UK Government prepares for potential ‘Grexit’ as crisis intensifies


EUR400m taken out of Greek banks on Monday alone

THE UK Government is taking precautionary action to prepare for the potential fallout from a Greek default and exit from the Euro – commonly known as a ‘Grexit’ – and the impact it could have on global financial markets.

With the Friday [19 June] deadline looming, the European Central Bank (ECB) and European Commission are no closer to agreeing to a package of reforms which would allow Athens to access EUR7.2bn in loans to keep its ailing banks afloat.

Over EUR400m of deposits left Greek banks on Monday [15 June] alone, as Greeks panic about the potential of capital controls being implemented in the event of a default.

As the Prime Minister is set to discuss the Greek crisis with Italian and Luxembourgian representatives today [17 June], Chancellor George Osborne told MPs that there was “serious economic risks” in the Greek situation.

He said: “Out in the real world there are some serious economic risks, not least the risk that we see growing in Greece of a potential default and exit from the euro. People should not underestimate the damage that that would do to financial confidence.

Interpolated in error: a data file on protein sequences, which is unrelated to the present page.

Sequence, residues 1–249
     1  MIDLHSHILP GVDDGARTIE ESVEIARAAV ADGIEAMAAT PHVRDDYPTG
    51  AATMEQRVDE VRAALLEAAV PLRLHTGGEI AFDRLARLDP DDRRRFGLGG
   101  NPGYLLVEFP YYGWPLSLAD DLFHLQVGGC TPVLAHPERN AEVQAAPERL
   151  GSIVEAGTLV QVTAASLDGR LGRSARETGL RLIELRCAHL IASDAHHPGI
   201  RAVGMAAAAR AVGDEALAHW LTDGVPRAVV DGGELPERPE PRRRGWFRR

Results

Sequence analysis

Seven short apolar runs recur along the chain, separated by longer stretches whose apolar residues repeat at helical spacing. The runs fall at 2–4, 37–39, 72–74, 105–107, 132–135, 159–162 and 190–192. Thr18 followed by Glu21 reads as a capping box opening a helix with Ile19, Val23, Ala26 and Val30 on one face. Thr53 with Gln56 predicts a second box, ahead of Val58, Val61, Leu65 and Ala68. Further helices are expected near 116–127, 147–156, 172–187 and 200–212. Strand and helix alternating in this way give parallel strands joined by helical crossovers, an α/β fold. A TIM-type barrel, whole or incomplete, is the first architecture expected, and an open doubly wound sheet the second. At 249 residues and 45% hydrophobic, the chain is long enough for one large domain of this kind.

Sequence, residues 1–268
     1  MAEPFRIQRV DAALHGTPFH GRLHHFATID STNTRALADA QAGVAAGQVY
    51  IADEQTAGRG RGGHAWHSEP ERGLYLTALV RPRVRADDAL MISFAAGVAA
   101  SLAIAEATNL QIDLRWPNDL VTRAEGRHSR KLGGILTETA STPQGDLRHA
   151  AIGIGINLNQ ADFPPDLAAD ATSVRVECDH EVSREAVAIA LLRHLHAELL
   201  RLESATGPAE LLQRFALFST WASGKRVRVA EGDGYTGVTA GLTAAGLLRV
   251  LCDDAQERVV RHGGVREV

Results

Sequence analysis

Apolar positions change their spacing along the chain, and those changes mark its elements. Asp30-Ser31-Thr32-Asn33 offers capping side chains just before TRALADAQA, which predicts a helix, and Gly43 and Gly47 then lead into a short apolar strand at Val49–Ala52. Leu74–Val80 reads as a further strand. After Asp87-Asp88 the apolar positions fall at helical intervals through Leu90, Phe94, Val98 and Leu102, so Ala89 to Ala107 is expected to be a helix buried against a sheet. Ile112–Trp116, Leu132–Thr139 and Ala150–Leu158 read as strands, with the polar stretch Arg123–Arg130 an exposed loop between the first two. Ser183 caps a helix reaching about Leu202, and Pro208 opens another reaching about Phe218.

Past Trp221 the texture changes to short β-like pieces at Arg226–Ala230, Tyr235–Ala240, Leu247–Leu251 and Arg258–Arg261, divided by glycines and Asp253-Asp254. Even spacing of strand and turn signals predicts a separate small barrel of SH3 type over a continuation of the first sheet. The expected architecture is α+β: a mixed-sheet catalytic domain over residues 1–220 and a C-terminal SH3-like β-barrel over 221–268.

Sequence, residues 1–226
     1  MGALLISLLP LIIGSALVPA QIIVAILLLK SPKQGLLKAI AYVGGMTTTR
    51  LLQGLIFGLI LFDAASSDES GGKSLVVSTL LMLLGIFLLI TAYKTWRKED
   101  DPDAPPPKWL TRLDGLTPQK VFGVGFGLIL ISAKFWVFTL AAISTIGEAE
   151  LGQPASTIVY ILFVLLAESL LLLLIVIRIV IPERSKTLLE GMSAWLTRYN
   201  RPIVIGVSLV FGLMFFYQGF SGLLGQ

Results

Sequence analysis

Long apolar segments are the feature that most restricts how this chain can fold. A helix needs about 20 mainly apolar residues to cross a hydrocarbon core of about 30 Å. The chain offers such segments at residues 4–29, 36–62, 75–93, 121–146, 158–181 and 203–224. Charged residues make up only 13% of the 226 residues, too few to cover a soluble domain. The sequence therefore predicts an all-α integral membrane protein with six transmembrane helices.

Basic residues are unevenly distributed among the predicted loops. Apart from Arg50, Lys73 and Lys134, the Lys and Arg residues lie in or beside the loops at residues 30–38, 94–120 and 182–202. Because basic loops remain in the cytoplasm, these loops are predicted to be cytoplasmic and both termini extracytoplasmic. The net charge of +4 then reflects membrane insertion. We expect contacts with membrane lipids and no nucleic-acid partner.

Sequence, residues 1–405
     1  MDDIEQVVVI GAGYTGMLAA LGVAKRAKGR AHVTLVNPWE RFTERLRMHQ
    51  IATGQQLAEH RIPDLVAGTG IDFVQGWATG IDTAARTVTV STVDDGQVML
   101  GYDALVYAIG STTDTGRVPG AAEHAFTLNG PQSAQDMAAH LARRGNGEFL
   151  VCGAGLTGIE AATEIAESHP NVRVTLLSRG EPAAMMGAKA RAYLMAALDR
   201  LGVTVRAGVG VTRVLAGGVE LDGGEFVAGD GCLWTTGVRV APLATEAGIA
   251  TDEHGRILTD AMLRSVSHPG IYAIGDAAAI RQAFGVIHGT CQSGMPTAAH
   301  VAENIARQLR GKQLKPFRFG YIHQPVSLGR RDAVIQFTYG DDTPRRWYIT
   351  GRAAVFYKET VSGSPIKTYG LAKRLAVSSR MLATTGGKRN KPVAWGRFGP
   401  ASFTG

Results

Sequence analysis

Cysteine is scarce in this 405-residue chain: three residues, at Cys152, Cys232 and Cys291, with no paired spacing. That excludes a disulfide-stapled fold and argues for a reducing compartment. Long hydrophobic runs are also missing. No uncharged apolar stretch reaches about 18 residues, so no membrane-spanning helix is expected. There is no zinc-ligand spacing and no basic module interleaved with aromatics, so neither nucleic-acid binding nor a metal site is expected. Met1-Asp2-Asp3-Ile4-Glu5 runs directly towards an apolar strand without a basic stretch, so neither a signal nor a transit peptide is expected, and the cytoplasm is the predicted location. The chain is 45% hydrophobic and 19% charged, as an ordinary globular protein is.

“Of course, in the UK we take all steps to prepare for and protect ourselves from such eventualities, but the best thing that a government can do is to ensure that it is living within its means, that it has a productive economy and that its public finances are in good order. That is what we are going to deliver in this parliament.”

Alexis Tsipras’ anti-austerity government has said it has tabled a package of reforms that would see direct tax measures and anti-corruption measures which would meet the Troika’s demands for reducing the Greek deficit, but the ECB and European Commission have said that the proposals are not adequate, and want to see cuts to pensions and labour market reforms.

It’s not clear that even if Tsipras was willing to accept the demands he would be able to get it passed by his Syriza party and through the parliament.

Greece economic output has fallen by over 25 per cent since the crisis began, with youth unemployment over 50 per cent and rising malnutrition, something Tsipras has described as a “humanitarian crisis”.

Picture courtesy of Theophilos Papadopoulos